Kirsten Powers, Fox News’ resident self-proclaimed liberal, took to the pages of the Daily Beast recently to make the bizarre case that Planned Parenthood should be de-funded because the 100-year-old organization doesn’t really prevent the half-million abortions that it claims to prevent by supplying millions of clients with reliable birth control. (Powers was forced to concede that a gross statistical error rendered her entire piece invalid.) At RH Reality Check, Amanda Marcotte describes how Powers attempted to repackage fringe anti-contraception arguments for a mainstream audience. At TAPPED, I explain why Planned Parenthood’s abortion-prevention claim is rock solid.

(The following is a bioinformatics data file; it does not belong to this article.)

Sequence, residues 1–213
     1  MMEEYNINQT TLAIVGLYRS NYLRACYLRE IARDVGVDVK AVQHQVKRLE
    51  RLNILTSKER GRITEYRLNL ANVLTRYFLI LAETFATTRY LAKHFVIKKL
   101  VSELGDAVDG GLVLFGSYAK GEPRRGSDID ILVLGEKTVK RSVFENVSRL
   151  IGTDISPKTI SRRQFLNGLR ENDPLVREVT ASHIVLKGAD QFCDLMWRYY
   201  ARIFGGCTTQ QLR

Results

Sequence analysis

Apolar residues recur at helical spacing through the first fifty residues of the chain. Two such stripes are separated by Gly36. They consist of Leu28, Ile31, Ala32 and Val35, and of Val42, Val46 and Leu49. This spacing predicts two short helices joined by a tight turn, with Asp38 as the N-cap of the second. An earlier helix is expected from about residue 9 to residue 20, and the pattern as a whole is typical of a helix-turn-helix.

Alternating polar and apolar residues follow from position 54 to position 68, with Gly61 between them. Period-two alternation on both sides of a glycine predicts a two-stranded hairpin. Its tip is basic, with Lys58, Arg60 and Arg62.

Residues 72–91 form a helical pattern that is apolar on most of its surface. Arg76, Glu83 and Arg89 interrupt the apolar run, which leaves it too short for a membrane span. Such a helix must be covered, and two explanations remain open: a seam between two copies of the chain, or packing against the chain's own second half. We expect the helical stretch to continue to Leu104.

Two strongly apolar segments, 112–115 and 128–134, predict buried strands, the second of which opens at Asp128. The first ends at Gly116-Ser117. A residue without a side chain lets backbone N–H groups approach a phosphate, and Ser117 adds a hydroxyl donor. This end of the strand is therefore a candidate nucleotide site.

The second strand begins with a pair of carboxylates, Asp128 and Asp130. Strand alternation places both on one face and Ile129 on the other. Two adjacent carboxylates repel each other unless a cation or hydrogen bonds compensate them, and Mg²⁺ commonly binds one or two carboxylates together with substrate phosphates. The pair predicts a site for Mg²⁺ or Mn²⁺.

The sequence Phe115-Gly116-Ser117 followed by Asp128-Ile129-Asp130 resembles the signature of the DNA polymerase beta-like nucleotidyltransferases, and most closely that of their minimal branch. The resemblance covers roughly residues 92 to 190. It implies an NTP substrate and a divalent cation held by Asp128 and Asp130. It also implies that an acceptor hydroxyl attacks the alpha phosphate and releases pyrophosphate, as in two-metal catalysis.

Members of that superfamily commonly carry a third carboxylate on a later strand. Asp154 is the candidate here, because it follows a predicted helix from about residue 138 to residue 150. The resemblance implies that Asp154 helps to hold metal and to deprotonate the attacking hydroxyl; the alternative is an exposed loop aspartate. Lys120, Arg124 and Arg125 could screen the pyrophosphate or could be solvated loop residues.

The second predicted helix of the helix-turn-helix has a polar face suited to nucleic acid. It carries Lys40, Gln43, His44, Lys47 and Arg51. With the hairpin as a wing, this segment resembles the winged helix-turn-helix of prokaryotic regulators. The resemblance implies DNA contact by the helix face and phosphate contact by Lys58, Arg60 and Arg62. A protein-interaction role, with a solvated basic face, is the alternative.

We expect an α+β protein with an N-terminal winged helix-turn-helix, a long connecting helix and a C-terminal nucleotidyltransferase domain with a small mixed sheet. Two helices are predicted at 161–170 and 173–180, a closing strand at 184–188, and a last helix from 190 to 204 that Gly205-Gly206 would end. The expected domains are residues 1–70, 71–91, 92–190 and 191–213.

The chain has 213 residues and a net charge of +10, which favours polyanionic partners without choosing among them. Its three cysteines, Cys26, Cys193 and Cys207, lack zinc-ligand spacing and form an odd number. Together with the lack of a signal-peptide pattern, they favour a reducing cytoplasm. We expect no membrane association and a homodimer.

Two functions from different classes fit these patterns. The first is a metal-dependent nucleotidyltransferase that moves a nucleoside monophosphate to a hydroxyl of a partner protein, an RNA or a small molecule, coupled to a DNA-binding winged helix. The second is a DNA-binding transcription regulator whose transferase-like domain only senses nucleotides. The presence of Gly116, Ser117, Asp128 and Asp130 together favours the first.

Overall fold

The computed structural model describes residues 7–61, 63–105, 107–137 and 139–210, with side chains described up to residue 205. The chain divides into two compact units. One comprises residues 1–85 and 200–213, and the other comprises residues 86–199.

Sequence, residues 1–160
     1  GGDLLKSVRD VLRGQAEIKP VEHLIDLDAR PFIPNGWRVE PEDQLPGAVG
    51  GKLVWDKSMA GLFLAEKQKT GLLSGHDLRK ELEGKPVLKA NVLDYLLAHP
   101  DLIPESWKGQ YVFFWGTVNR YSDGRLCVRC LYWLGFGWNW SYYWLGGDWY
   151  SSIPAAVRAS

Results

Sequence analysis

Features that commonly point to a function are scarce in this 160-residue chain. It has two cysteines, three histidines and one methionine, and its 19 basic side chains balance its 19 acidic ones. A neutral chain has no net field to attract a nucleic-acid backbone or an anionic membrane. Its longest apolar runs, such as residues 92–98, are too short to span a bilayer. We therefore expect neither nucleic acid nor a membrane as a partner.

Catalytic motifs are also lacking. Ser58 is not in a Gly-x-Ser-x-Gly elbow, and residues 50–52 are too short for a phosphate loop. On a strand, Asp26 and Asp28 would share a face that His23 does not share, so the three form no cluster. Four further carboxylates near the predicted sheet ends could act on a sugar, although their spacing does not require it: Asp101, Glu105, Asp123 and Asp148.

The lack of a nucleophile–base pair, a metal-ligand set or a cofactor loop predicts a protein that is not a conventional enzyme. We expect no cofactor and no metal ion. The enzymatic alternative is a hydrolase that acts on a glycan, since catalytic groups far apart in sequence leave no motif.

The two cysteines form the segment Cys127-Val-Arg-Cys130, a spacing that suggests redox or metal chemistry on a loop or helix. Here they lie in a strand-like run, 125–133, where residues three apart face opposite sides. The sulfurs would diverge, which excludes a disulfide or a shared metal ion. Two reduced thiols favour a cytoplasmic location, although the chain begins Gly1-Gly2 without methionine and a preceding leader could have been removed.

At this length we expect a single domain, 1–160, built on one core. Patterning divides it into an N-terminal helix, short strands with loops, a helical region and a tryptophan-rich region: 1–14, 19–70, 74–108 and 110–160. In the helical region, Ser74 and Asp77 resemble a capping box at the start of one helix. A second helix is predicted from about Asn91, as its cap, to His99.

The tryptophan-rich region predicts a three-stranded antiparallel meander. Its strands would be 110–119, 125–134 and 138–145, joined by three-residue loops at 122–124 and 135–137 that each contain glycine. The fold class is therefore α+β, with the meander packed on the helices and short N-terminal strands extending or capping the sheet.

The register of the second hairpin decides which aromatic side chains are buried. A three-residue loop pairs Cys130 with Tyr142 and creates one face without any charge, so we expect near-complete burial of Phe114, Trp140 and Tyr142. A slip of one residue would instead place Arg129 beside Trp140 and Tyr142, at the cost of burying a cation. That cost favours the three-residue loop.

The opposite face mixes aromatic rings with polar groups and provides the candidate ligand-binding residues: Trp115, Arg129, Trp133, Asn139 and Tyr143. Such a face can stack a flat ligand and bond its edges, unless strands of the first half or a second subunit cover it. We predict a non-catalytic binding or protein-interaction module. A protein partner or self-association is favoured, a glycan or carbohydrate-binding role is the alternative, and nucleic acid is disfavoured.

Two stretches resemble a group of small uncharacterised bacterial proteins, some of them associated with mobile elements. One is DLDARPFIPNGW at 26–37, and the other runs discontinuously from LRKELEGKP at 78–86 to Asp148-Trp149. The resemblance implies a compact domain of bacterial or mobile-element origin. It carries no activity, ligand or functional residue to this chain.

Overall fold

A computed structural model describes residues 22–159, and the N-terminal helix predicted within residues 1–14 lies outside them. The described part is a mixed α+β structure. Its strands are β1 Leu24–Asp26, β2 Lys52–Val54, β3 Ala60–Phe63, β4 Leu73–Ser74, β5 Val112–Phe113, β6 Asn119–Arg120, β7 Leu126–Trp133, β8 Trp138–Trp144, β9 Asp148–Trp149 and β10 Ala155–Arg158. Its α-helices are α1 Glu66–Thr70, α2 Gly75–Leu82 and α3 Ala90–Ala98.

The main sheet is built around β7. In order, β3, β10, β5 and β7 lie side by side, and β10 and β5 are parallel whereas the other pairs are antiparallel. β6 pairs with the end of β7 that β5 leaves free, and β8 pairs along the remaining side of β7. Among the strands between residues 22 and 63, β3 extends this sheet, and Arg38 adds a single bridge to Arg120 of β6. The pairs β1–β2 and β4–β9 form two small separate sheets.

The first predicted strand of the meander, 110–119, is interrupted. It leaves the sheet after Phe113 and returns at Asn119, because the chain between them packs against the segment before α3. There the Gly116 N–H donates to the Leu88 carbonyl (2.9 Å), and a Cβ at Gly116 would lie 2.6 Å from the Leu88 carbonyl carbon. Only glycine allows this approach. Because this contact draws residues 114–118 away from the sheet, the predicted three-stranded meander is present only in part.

Diet quackery

Unscrupulous doctors are cashing in on the latest diet fad: hormone injections derived from the urine of pregnant women, Kristina Chew notes for Care2.com. Patients pay $1,000 for consultations, a supply human chorionic gonadotropin (hCG), and a 500-calorie-a-day diet plan. There is no evidence that hCG increases weight loss more than a starvation diet alone. But paying $1,000 to inject yourself in the butt every day does evidently work up a hell of a placebo effect.

This post features links to the best independent, progressive reporting about health care by members of The Media Consortium. It is free to reprint. Visit the Pulse for a complete list of articles on health care reform, or follow us on Twitter. And for the best progressive reporting on critical economy, environment, health care and immigration issues, check out The Audit, The Mulch, and The Diaspora. This is a project of The Media Consortium, a network of leading independent media outlets.